Solid body frog baits like the YUM Money Frog feature lifelike body shapes with paddle feet on realistic legs. These feet create enough water displacement to produce a buzzing sound when retrieved. The solid body frog baits don’t come with a double hook inserted within the body cavity. Instead, the angler uses a wide gap hook and Texas rigs the frog. There are several different styles of hooks designed just for fishing these frogs, some with weights  molded to the shaft of the hook to allow the frog to run upright and true (like a keel) in addition to increasing the casting distance.

Most anglers simply cast and reel a solid body frog, but pausing it on or near cover and then quickly reeling it away often draws reaction strikes from bass that think it’s getting away. Since this frog sinks when paused, an angler can also swim it under the surface when situations dictate.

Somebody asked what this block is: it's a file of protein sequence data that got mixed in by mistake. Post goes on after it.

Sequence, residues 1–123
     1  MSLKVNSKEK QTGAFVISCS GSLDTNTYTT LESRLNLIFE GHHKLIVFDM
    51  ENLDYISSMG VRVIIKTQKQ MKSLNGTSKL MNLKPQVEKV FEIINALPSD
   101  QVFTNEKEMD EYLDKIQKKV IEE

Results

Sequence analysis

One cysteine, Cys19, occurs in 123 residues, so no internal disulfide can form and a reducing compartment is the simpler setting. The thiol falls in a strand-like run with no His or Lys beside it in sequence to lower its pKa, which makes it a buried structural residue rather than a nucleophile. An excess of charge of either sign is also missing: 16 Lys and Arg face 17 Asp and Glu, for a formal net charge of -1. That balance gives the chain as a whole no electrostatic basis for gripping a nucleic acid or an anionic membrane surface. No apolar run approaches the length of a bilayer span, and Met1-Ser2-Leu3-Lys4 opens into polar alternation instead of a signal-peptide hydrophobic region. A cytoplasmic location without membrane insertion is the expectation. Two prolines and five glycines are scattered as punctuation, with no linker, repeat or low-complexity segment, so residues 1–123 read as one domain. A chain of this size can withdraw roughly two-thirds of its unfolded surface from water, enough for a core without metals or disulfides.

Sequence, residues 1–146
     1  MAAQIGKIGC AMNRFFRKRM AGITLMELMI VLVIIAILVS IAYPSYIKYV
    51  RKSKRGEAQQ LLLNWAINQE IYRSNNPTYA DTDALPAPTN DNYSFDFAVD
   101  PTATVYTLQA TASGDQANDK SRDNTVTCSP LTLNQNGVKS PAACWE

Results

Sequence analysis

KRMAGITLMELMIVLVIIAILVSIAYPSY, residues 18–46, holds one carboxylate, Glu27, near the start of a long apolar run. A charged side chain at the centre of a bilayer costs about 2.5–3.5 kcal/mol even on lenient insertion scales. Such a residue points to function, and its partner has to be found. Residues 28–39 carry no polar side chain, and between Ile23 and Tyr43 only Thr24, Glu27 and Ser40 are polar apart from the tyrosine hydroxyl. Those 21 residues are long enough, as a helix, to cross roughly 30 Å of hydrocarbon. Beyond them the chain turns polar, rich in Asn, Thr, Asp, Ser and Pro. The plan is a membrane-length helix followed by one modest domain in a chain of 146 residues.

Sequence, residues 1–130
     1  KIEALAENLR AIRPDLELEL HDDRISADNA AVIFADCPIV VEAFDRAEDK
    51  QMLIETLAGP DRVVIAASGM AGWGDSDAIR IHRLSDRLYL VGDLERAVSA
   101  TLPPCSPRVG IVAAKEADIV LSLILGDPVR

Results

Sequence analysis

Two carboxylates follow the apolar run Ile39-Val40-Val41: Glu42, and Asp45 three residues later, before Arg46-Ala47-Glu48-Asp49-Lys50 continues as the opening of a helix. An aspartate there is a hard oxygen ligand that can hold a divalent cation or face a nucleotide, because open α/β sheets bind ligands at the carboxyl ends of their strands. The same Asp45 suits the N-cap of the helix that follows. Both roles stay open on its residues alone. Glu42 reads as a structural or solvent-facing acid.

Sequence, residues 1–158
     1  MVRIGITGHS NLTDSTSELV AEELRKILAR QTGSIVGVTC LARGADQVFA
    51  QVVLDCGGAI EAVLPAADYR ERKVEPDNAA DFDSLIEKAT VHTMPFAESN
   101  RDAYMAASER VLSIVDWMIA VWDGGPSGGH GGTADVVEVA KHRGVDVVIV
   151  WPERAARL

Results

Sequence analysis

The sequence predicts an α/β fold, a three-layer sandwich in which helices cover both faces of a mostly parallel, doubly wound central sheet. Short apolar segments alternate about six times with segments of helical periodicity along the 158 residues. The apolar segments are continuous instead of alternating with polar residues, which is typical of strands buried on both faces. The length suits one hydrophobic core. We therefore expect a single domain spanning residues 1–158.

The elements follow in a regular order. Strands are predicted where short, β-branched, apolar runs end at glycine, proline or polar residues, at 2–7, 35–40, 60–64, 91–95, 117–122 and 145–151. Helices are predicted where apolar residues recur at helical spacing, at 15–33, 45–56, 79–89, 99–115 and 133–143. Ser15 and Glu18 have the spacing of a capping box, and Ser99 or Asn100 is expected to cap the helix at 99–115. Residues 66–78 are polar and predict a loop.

A hard-plastic frog like the Rebel Frog-R is intended for open water and can be fantastic in ponds and small lakes that don’t feature aquatic vegetation or cover. In this type of environment, fish have no choice but to suspend in the open water. Fan cast the hard plastic frog and try various retrieves, but the “walk-the-frog” technique in which the bait zig-zags back and forth is often the best and is easily accomplished with downward twitches of the rod.


Where to Fish Your Frog

Ponds often are fished from the bank, often because they’re too small for a boat, although a kayak, johnboat or fishing tube can get anglers in better position to work weedbeds more thoroughly.  Assuming you’re fishing from the bank, take a good look at the pond to identify the most likely places for bass to hang out. Look for weedbeds close to deeper water. This can be near a creek channel where the depth drops from 3-feet on top to 5-feet in the channel or anywhere near the dam – normally the deepest area of any pond.  One often predictable hotspot is at the ends of the dam.